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Tuscan Grilling by Eleonora Baldwin

Tuscan grill
Tuscan grill

Tuscan cuisine is simple and rustic in nature. There are no heavy sauces or gravies, and this lets the true flavor of the foods shine through to be enjoyed in their purest form. But don't let that simplicity fool you.

Many Tuscan recipes come prepared by simple roasting or grilling methods; and employ noble cuts of meat or fish, poultry, game and a large assortment of vegetables.

The reason barbecued food tastes so good is because fat drips down on the hot coals, and returns in the form of smoke to flavor the food. Tuscans know that, and have built a veritable culinary tradition around grilling. With the implicit understanding that too many sauces can instead cover these simple and vibrant flavors.

As opposed to barbecuing–which requires low fires providing long, slow cooking, and usually involves rubs, marinades or sauce brushing–Tuscan grilling is strictly about cooking over hardwood fire, without a lid to cover; and with very little in terms of ingredients, besides the hero component. This means no basting, no use of fancy marinades and balsamic rubs, and knowledge of what meat sauce is. For a perfect Tuscan grigliata, locals only employ a light sprinkle of salt and pepper, sometimes a drizzle of lemon juice and the occasional herb seasoning.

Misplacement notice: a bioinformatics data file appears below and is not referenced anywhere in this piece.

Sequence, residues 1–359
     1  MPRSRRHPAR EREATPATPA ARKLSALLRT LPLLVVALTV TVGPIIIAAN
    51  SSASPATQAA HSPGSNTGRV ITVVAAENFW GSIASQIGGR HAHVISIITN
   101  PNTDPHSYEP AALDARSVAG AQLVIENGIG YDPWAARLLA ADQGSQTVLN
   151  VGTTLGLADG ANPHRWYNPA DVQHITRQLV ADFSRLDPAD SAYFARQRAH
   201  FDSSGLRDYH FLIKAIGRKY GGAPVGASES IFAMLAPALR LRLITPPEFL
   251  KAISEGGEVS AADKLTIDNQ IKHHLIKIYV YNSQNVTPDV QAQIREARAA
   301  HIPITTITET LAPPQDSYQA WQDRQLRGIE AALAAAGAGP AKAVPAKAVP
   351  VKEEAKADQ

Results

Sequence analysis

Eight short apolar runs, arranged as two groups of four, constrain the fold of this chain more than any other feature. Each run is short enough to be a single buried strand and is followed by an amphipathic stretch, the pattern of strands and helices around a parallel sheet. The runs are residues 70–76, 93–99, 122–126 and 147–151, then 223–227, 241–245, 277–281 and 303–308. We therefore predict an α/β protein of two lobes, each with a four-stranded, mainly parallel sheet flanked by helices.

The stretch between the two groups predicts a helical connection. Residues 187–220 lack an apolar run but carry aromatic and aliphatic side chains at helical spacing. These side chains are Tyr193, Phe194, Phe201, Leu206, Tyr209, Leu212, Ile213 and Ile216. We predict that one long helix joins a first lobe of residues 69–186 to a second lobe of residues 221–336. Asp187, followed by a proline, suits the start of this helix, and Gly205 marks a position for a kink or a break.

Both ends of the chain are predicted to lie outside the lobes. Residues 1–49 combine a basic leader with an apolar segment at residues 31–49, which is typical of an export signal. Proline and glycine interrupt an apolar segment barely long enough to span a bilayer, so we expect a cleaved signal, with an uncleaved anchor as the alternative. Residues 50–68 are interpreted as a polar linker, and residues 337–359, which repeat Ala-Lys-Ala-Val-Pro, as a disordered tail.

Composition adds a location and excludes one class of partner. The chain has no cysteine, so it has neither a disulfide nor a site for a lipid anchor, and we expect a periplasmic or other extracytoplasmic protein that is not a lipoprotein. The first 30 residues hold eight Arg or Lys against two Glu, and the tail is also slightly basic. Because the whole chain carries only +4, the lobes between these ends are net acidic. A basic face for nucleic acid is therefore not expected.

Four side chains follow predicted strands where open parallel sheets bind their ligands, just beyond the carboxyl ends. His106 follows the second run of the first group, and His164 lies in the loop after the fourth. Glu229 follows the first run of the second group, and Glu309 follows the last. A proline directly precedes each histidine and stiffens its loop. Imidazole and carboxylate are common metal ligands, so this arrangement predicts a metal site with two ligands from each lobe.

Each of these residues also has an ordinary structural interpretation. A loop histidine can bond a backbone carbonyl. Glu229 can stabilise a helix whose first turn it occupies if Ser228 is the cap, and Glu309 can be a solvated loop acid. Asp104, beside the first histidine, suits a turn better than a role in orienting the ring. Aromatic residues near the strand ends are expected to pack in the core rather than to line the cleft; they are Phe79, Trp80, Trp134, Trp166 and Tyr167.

Let me begin with the quintessential grilled Tuscan fare, Rosticciana–or, pork rib roast. Rosticciana - Spare Ribs Rosticciana which according to geographical area can also be called Rostinciana or Costoleccio–is a difficult cut to grill because the pork fat produces lots of drippings that ignite flames and fiery flares. Result? Ribs that are charred on the outside, and pink near the bone… a veritable Tuscan grilling no-no. Rosticciana requires patience, and some pro grilling skills, but it's well worth the hassle. Here’s what you need for authentic Tuscan rosticciana:
  • 4 1/2 lbs center-cut pork rib roast
  • Tip: They're easier to handle if they're cut into segments of about 5-6 rib bones each